Here’s a fun video of pull-ups. The first 2 reps are power ups, second two are regular slow and controlled pull-ups.
Interesting thing happened when shooting this. I was planning on doing the slow pull-ups first then go into the power ups. I couldn’t do the power ups on the first attempt after doing the slow pull-ups.
My conclusion, same exact reason we never stretch before sprinting or lifting. Muscles have memory.
Think about it. In order for a muscle to work it takes an electrical impulse from the nerves to start the action. Now think of this nerve-muscle connection as software program. When you mentally prepare to perform an activity that requires speed and power, that muscle software is programmed for high performance effort. Dynamic warm-ups that mimic the motion and speed to be performed are ideal for setting this muscle software up.
So conversely, static or holding a stretch is setting the muscle software up for a flaccid or relaxed muscle that is not geared for activity.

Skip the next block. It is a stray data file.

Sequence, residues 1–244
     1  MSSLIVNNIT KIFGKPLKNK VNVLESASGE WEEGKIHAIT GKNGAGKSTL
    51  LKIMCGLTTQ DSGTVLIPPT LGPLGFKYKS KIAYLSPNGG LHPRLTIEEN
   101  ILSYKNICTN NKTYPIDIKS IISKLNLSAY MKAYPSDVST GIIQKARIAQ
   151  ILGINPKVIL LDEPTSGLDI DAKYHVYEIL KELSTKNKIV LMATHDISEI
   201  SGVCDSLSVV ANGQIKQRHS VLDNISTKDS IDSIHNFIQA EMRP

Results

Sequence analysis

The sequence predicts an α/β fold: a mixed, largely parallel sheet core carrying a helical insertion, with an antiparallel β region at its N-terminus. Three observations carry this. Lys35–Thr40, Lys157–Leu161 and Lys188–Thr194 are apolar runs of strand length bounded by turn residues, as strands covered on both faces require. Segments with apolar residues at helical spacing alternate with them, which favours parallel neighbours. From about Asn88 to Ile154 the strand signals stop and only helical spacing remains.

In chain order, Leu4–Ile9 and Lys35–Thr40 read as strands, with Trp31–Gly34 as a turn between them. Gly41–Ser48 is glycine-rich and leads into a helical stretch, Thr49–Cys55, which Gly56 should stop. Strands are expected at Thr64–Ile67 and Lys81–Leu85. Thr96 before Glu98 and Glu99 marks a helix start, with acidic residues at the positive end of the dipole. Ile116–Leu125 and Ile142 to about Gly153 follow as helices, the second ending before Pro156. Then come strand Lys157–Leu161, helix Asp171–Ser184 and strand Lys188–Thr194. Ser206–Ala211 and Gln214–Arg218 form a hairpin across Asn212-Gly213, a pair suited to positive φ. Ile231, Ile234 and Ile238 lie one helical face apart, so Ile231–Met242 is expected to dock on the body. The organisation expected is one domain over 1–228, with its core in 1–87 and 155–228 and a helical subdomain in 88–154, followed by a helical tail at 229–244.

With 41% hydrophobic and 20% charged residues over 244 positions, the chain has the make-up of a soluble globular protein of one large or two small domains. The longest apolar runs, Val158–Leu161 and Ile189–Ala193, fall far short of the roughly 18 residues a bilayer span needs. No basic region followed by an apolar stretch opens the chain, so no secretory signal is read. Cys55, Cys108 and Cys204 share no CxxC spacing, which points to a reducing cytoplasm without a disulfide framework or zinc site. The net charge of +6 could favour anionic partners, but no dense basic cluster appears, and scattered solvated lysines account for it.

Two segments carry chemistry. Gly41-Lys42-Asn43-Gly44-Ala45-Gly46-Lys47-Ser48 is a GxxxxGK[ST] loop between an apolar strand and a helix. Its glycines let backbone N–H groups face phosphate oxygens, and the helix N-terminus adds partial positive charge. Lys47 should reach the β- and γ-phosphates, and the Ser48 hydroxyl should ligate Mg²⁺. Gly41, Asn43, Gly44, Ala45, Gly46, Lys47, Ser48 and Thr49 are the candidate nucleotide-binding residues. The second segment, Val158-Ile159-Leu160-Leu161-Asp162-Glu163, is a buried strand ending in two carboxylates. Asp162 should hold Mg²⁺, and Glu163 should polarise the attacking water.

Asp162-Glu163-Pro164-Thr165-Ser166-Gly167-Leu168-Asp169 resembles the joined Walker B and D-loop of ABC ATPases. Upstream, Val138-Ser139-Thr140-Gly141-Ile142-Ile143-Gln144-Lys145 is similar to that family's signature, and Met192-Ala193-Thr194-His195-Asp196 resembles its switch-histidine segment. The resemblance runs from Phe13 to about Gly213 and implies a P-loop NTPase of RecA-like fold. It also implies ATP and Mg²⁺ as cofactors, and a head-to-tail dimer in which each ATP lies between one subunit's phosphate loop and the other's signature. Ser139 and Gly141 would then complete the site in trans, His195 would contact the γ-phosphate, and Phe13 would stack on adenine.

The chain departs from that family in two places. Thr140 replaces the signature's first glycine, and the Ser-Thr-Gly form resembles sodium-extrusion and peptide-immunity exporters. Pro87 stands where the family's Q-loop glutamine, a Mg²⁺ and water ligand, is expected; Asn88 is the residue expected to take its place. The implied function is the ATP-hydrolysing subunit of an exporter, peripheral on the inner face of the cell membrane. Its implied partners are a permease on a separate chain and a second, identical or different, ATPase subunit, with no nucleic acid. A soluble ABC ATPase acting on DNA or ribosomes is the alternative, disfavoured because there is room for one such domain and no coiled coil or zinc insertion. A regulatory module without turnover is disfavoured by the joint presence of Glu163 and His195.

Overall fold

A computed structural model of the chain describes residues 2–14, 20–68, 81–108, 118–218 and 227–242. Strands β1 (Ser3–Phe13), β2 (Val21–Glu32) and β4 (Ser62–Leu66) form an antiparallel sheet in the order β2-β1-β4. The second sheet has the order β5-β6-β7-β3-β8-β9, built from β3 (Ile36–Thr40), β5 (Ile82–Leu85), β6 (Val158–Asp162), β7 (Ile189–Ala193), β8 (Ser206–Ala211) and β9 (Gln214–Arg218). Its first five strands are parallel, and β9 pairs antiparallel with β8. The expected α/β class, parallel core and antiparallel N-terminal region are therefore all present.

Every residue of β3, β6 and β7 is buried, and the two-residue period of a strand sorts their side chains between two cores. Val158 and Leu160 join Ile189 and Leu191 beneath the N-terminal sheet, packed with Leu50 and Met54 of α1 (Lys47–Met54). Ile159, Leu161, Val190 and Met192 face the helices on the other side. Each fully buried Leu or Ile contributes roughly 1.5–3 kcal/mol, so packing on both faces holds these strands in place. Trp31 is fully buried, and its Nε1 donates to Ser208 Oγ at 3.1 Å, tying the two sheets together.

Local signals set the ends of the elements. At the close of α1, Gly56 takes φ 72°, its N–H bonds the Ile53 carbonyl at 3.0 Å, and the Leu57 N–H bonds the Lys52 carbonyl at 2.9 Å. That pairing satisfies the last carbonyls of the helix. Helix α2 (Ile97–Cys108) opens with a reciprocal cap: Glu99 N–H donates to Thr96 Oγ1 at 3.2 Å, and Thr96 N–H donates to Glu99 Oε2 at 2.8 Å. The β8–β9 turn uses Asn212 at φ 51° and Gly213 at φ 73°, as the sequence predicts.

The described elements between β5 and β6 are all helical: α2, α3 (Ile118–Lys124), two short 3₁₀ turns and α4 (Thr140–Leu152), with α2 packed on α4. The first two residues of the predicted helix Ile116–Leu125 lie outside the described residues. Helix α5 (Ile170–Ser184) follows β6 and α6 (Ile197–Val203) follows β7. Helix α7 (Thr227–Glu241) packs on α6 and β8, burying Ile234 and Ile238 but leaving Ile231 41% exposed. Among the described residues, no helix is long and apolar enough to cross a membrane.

So for a “warm-up,” we need to re-set the muscle software towards high performance activity which is what a good dynamic warm-up does.
A static stretch where you hold a stretch is ideal for the end of the workout when you want to settle the muscles down and increase flexibility.
One aside, I don’t believe in actually warming up. We’re already at 96-99 degrees in body temperature (people do vary). I think that’s warm enough. The purpose of the warm-up is to re-direct blood flow to support the muscles, heart and lungs. Where after eating a meal the blood flow is more focused around the gut. The other purpose of the warm-up is again to re-set the muscle software to have the nerves stimulate the muscles in a high performance mode.
Back to the pull-ups paradox. I had difficulties doing power ups after slow pull-ups because I was in “slow moving” mode. Switching immediately to fast mode created a software error in the muscles and I failed.